So John Mayer, who has a ranch out there, decided to put together this show and hit up our friend, Chip, who owns Pine Creek Lodge, and asked if he could set up a couple shows there to fundraise. Chip, of course, said, “of course,” [laughs] and that led to John Mayer’s team to say, “Ask two of of your favorite bands to play,” so Chip called Ryan.
Alex: I assume you knew you weren’t getting pranked because it was Chip calling you, but what was your reaction to the news?
Vinnie: Well, he tried to call us at like 2 in the morning, when we were driving home from a festival. And we were, like, dude, slow your role. We don’t know what this is about, but it can wait until tomorrow. So when Ryan talked to him the next day, we all just kind of froze and said, “that’s insane. There’s no way that’s actually happening.” But sure enough…
Alex: What kind of venue are we talking about? What’s the cap on that place?
I think it’s 1,000.
Alex: So pretty intimate for something like that.
Vinnie: Yeah, and 1,000 is a lot of people in that space. We played to 500 or 600 people before. That felt really packed. It’s basically a small little resort with a nice kitchen that has a bunch of storage container rooms surrounding a stage. People rent out these cabins if they want, or just drive up to the shows. That’s the gist of it.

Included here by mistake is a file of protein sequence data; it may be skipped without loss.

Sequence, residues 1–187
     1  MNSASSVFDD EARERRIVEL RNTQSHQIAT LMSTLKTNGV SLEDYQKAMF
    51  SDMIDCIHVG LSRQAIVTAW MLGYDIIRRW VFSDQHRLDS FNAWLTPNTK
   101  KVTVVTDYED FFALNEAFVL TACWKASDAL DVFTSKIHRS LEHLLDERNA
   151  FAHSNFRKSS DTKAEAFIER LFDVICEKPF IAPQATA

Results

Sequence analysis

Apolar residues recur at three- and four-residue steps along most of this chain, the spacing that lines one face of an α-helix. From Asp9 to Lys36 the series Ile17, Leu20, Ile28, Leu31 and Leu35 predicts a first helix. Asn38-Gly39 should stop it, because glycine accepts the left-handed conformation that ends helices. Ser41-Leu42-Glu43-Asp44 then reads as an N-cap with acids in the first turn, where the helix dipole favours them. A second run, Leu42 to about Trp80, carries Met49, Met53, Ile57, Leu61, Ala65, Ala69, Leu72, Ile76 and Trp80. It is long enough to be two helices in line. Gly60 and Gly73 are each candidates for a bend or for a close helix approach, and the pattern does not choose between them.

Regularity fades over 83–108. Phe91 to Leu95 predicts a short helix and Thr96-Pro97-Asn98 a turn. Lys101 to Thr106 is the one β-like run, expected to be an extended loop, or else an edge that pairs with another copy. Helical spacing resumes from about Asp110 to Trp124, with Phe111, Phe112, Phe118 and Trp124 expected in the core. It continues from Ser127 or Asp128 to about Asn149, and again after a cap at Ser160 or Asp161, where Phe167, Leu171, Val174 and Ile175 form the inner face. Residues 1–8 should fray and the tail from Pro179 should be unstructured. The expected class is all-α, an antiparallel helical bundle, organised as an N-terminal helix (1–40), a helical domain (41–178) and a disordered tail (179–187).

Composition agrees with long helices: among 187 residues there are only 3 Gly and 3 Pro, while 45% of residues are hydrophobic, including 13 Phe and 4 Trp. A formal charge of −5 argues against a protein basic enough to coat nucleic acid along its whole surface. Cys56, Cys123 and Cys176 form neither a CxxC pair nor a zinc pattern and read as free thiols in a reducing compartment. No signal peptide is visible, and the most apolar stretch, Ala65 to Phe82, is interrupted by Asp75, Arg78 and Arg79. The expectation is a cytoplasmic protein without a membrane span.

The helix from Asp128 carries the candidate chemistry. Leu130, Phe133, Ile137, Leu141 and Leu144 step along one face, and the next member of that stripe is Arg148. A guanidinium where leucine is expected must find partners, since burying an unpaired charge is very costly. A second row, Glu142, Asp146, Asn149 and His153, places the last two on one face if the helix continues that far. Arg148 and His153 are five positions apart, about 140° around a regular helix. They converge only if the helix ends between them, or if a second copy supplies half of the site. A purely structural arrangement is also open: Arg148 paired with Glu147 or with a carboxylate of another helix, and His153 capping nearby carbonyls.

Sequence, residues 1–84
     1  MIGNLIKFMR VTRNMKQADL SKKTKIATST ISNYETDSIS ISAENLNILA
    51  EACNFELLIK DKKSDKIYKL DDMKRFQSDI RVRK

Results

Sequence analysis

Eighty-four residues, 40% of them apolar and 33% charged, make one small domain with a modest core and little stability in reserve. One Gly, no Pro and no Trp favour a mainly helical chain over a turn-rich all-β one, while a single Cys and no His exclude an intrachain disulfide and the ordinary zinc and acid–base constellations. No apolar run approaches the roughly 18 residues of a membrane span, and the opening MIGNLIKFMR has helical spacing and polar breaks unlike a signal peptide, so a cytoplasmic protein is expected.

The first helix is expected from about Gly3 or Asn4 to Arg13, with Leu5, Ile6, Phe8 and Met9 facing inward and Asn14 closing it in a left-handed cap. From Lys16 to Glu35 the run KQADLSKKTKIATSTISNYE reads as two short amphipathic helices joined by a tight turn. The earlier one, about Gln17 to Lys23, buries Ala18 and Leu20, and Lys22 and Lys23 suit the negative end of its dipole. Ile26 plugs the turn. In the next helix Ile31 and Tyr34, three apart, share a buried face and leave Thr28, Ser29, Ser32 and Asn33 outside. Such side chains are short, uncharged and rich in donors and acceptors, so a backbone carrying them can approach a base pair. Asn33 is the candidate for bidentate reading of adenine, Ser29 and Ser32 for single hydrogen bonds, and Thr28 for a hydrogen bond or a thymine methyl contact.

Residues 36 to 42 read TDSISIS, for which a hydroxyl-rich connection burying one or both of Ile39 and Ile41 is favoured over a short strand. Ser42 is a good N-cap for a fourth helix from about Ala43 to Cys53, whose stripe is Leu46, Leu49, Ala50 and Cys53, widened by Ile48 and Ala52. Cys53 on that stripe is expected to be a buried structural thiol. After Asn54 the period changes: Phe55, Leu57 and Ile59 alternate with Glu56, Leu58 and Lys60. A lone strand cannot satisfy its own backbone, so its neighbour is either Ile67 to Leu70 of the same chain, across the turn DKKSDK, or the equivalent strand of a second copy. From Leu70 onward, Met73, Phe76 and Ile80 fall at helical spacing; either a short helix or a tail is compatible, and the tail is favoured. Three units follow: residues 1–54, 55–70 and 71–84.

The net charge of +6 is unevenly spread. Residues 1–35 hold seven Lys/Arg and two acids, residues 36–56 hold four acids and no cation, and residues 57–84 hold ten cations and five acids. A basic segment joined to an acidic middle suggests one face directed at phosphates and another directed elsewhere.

Lazenlow discusses new album, forthcoming wedding, and performing dark indie pop for children ahead of 7th St Entry debut
Flip Rushmore is celebrating the release of their new EP, Choose Your Villains Wisely, at the 7th St Entry on Wed., Aug. 10. Lazenlow, comprised of Gillian Needham, Mike "Ghost Channels" Ryerse, and Mo Bluntz, is a featured guest on the bill. Gillian and Mike got on the phone with Flip's Alex Smith to discuss Lazenlow's Entry debut and much more.
Alex: I’ve seen allusions to an album being mixed.
Mike: I’m in the finishing process. Which many know: five percent finishing takes 95 percent of the time. I’ve been fine-tuning stuff, then putting it away for a week, then fine-tuning stuff. Right now, it’s 10 songs. We worked on around 20 songs for this particular batch and cut it down to 10 we feel really strongly about. It’s definitely our most electronic-leaning record. We put the guitar to the side. It’s still there, but it’s electronic first. Four to the floor. Beats and stuff. But still very much our dark style. We’re super excited about it.
Alex: Do you track everything at home?
Mike: Yeah, so, Gillian and I are engaged. We live together, and I built a studio in one of our guest bedrooms.
Mike: Thank you.